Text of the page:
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Good Conversation Makes Good Software
Editor's Note: This is a continuation of our core conversation on "Great Connections Lead to Great Ideas." Yesterday, Ishita Gupta shared how environment is more powerful than willpower. Today, Bob Gower shows how good conversation makes good software.
Failure is the norm in the software business. According to a survey of some 8,000 products by the Standish group only 35% of software projects are delivered on time, on budget and with all requested functionality. They go on to note that an astonishing 64% of features are rarely or never used.* *The Standish Group, 2006 Chaos Report In other words, most software sucks, and most software projects fail. Why is this? It’s not because people don't know how to write code. Nor is it a lack of good ideas. It's a lack of conversation. I recently observed about 150 engineers (and others) at a major health care provider talk. For two days they were in animated conversation, and the entire time I thought, "These folks are probably building something good." It's when I walk into an office and see everyone sitting quietly in cubicles that I start to get worried. Let me explain why.
Good software requires good communication.
Most software is complex--so complex, in fact, that it requires hundreds, if not thousands, of people to design, test, build and maintain. The sheer number of people involved is enough to cause problems. Add to this the fact that building software is a highly creative process, and things start to get very fragile. To say that the work of a software engineer is writing code, is like saying the work of a painter is smearing color on canvas. Or that the work of a teacher is standing in front of a room speaking. It's not what they do; it's how they do it that's important.
Great communication is part of that "how."
A software engineer (or designer, architect, tester, or anyone else involved in the process) needs to know for whom they are building and what that person is trying to accomplish. They also need to know what else is happening on the team, what happened before in the code, and what might happen next, all while solving tough conceptual problems. This requires an intense amount of communication. A mentor of mine once told me that all breakdowns happen because a conversation didn't happen and that great managers make sure the right conversations happen at the right time. If you want to improve the quality of software (or any complex product for that matter), the place to start is improving the quality of conversation. More about Bob: With over 15 years experience in the software and digital agency businesses, Bob Gower has coached and directed UX design and product development for companies ranging from early-stage startups to the Fortune 100. He is passionate about collaboration, emergent design and team happiness as a key performance indicator. In 2010 Bob joined Rally Software where his focus is coaching Agile transformations at large enterprises.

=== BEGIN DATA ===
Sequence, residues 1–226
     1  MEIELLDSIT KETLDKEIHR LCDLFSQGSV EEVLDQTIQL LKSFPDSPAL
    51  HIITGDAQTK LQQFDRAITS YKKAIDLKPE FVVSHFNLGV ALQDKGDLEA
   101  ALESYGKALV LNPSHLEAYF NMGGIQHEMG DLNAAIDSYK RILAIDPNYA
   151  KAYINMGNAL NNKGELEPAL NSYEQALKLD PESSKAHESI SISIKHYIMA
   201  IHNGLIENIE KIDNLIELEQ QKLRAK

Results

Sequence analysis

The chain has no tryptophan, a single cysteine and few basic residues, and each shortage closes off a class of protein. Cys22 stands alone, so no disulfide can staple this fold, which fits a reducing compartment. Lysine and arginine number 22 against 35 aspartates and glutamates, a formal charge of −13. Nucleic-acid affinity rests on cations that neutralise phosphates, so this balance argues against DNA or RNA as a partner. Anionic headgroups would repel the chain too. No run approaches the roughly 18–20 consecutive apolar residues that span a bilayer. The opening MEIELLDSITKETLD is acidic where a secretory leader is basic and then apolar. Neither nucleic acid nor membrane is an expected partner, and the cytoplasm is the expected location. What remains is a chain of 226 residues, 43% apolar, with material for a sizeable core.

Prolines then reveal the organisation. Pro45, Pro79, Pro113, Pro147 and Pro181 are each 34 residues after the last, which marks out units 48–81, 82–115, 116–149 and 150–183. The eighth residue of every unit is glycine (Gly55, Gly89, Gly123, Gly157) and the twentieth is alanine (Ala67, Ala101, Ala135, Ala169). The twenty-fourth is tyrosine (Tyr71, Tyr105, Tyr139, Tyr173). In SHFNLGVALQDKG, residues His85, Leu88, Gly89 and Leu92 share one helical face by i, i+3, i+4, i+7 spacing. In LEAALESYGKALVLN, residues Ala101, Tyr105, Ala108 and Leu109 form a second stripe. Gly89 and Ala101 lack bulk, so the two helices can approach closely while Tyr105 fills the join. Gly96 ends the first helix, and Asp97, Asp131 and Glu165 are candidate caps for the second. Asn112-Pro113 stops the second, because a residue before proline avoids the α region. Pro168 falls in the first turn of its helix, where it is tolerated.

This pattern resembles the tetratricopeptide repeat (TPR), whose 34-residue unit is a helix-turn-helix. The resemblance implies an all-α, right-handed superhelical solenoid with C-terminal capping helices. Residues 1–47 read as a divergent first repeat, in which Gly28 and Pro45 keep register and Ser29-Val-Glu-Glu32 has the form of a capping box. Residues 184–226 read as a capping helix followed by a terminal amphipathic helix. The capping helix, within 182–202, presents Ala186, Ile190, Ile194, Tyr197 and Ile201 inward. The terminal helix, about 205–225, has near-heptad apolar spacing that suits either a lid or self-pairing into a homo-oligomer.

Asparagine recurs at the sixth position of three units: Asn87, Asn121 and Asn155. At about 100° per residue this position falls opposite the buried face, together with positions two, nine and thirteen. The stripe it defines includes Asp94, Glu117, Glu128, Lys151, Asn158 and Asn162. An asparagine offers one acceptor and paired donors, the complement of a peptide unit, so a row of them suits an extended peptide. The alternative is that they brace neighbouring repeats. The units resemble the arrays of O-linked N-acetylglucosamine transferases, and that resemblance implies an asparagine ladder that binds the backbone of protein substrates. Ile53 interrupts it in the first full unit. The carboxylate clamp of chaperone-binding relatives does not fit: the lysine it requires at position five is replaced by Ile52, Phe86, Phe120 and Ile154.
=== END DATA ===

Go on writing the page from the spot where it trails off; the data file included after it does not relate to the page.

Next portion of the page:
Tomorrow, Dr. Mollie Marti asks us to consider our mentors, and how we can create ripples of goodness from their teachings.